Harris said probably the best part of his involvement with racing has been watching his brother Larry, Larry's son Chris, and Chris' son Ben, all race and win championships at speedways. "I think after Larry started racing, it became a disease in our family," he laughed. "My mother has been amazing. She has sat through race after race after race through the years. She kinda had the philosophy I read on a T-shirt once. It said, 'I didn't come to see you wreck, I just wanted to be there if you did.' She was the biggest race fan of all."

One race season, Harris said he had so many "kin-folks" racing it was hard to keep track of them all. "I had three nephews, a brother-in-law and a brother all racing," he said. "But, none of my three sons ever wanted to race and that was probably a good thing. When the boys were growing up, we produced and sold weekly race programs and took pictures and we did it as a family. It was a good experience for them and they got to meet a lot of racers and see a lot of races."

Harris said he enjoys the racers, fans and the overall experience of being a race announcer. "I enjoy this and I'd like to keep doing this as long as possible," he said. "I guess I'll keep doing it until I can't climb up the steps to the tower anymore."

This year's Show-Me 100 is set for May 21-23 at the speedway in West Plains. Harris said some of the drivers expected to be there include previous champions Scott Bloomquist (Tennessee), Billy Moyer (Arkansas), Freddy Smith (Tennessee), Wendell Wallace (Arkansas), Terry Phillips (Missouri), and Ray Cook (North Carolina).

Other early entries include Earl Pearson Jr. (Florida), Jack Sullivan (Arkansas), Jon Blankenship (West Virginia), Brad Neat (Kentucky), Bub McCool (Mississippi), Eric Jacobsen (Florida), Jeep Van Wormer (Michigan), Scott James (Indiana), Jimmy Owens (Tennessee), Brandon Kinzer (Kentucky), Kyle Beard (Arkansas), Dan Schlieper (Wisconsin), Dale McDowell (Georgia), Jeff Floyd (Arkansas), Jason Cliburn (Mississippi), Chris Wall (Louisiana), Bill Frye (Arkansas), Skip Arp (Tennessee), Steve Rushin (Missouri), Steve Casebolt (Indiana), Will Vaught (Missouri), Ray Moore (Louisiana) and many more.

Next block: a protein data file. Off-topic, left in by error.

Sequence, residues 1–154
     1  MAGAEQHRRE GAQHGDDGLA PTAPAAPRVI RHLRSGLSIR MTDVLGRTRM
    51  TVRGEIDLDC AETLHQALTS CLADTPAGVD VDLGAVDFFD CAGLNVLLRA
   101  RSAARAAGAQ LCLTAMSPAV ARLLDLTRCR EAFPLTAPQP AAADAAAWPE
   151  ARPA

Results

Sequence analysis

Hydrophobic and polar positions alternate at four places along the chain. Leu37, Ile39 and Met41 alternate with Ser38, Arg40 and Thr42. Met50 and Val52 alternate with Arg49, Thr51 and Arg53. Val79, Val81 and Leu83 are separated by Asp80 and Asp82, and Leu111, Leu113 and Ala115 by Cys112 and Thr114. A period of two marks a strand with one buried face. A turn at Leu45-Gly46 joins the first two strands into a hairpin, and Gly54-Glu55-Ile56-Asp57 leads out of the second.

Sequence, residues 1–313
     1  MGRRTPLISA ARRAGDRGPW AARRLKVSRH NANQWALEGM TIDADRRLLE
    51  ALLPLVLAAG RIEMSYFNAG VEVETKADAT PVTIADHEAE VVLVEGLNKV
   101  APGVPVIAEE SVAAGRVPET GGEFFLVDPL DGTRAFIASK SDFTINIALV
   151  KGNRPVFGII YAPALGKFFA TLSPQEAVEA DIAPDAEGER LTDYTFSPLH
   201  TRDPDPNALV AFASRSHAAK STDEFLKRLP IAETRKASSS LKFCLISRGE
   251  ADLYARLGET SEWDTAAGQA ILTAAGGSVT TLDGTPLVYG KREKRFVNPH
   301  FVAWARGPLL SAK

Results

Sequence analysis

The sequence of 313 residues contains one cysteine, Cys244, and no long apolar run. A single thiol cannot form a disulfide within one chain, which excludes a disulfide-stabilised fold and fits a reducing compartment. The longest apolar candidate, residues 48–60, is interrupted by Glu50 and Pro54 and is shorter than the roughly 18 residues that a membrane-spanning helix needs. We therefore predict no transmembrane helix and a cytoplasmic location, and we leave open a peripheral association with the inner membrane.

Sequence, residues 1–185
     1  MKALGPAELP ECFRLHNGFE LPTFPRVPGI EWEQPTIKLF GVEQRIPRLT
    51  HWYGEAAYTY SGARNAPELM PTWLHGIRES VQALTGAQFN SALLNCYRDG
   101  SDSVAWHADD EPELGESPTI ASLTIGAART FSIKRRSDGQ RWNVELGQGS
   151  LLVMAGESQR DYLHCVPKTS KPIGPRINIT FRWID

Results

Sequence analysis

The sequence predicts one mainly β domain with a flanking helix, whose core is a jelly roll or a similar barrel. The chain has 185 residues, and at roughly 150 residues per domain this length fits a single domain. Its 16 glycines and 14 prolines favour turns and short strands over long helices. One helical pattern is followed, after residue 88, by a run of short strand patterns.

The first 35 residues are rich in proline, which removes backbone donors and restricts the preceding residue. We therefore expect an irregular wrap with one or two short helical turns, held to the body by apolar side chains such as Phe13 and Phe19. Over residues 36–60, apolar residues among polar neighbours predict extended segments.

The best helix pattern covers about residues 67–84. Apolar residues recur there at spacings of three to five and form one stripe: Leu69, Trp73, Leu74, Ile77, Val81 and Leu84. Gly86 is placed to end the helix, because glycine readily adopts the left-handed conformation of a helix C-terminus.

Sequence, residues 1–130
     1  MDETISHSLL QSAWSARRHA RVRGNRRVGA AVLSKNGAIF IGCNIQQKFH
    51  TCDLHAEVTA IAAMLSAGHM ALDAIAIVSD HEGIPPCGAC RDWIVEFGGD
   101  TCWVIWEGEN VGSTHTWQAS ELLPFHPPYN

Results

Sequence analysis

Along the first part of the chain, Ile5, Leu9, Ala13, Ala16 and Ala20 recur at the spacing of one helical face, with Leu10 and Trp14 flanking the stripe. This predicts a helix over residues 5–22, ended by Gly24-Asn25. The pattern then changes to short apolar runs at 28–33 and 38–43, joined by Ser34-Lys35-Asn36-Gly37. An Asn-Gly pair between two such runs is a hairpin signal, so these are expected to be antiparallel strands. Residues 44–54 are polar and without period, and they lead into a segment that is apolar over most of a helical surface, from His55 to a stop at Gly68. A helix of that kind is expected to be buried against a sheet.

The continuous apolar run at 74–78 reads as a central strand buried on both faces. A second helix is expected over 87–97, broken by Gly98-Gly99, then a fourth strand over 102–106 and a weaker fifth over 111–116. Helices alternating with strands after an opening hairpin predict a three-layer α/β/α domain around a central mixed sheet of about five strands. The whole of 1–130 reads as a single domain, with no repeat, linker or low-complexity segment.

"If you've never seen this type of racing, this is the event you want to go to," Harris said. "You're going to have a great time and we even have guest announcers come in for the Show-Me 100 so you won't have to listen to me the entire time. If you need to, you can get more information about the race by calling West Plains Motor Speedway or by going online to their Web site."

Harris writes a weekly blog for The News' Web site which can be found at www.areawidenews.com. He is also co-host of a weekly radio show, Real Country Racing, which airs on KHOM Radio at 9 a.m. each Monday.

This article is dedicated to the memory of Tom's brother, Larry Piper, who died suddenly on Monday, May 18, 2009.

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Tom, you forgot about the source of the many parts for the Nova - the notorious Danny "Sac" Murphy

Sorry to hear about Larry, Our thoughts and prayers go out to the family.

May God richly Bless each one during this time.

Danny Murphy and Family

-- Posted by themurphys80 on Thu, May 21, 2009, at 9:05 PM